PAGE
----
Undergraduate Honors Theses

Thesis Defended

Spring 2011

Document Type




First Advisor

Herbert H. Covert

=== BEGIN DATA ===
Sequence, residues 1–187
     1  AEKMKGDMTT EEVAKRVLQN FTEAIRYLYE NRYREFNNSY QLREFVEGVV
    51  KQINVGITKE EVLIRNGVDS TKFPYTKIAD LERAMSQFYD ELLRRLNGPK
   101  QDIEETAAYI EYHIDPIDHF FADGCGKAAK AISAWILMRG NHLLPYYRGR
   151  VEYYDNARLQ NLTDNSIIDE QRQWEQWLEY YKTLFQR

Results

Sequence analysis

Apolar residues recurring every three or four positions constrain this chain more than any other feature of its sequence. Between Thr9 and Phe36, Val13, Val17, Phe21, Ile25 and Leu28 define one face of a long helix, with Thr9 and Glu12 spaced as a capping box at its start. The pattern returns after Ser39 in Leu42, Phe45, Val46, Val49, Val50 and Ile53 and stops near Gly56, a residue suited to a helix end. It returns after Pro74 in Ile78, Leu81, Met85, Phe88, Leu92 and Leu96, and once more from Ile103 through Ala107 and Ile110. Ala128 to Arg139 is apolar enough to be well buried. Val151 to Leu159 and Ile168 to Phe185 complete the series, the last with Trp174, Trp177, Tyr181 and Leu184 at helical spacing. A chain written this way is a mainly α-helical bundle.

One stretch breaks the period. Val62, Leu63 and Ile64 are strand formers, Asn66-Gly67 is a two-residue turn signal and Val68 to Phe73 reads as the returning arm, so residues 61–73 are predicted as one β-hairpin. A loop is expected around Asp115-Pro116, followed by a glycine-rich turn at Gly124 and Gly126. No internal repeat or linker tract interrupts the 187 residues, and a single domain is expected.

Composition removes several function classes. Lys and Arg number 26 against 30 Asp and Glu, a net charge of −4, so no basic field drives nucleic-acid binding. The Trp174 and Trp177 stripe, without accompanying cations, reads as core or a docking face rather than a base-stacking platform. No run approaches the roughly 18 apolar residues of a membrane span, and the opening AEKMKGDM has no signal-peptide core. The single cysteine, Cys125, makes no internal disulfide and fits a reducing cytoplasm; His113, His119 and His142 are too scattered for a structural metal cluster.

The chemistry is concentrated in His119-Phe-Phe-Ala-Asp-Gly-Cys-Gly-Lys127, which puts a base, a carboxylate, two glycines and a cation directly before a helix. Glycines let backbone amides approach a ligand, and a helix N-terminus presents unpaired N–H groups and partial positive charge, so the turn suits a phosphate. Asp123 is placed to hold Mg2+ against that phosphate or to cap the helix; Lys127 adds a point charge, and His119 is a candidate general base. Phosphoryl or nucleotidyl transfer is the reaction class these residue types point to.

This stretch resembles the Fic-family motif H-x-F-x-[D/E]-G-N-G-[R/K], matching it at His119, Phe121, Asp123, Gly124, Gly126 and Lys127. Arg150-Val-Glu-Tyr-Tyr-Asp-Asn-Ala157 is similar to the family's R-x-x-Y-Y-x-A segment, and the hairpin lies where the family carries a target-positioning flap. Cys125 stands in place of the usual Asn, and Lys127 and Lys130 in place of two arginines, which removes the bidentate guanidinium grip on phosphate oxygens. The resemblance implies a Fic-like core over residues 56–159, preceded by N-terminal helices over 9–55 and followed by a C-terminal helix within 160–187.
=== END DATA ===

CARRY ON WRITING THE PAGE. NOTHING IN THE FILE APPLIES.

The relationship between forest structure and positional behavior is examined in the mantled howling monkey (Alouatta palliata) in primary and secondary rainforest habitats in northeastern Costa Rica. Despite structural differences between the two study sites, there are no significant differences in habitat use or positional behavior frequencies. Overall, the mantled howler monkey locomotor repertoire is centered on quadrupedalism and bridging, with sitting and suspension as predominant feeding postures. Howlers prefer small and medium horizontal supports, and use the upper and lower canopy frequently. Several methodological factors may have limited the results and analysis of this study. Temporally, the study was limited to the wet season, which may have implications for positional variability. A lack of distinction between travelling and foraging behaviors may have influenced the data. The study sites may also not have been distinctive enough to accurately reflect the influence of forest structure on positional behavior. The results were similar to those of a number of other studies of A. palliata, and are comparable with the positional behavior of the species and the genus as a whole. Without data from a more diverse array of mantled howler habitats, it is difficult to analyze site-specific intraspecific variation through cross-study comparisons. Previous discussions of intraspecific positional behavior variation in A. palliata have relied on cross-study comparisons, which can be problematic. Ultimately, the relative resilience of howlers to anthropogenic disturbance has been noted for some time, and the possible positive implications of this study are discussed. Further standardized research is necessary to fully examine intraspecific positional behavior variation.